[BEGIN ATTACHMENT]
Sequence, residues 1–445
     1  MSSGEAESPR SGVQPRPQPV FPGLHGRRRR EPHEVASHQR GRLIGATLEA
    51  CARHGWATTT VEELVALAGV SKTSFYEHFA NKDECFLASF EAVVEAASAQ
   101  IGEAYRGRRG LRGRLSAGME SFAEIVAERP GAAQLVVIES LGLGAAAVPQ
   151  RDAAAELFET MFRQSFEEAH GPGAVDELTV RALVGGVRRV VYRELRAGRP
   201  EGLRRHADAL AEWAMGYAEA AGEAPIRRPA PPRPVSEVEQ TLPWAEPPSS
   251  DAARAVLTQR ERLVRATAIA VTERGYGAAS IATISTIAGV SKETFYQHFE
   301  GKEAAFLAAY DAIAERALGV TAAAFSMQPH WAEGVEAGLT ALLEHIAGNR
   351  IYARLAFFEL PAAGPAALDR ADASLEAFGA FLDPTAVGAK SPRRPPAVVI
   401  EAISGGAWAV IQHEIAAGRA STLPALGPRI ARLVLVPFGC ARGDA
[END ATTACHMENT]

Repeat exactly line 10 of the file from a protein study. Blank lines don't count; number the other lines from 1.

   401  EAISGGAWAV IQHEIAAGRA STLPALGPRI ARLVLVPFGC ARGDA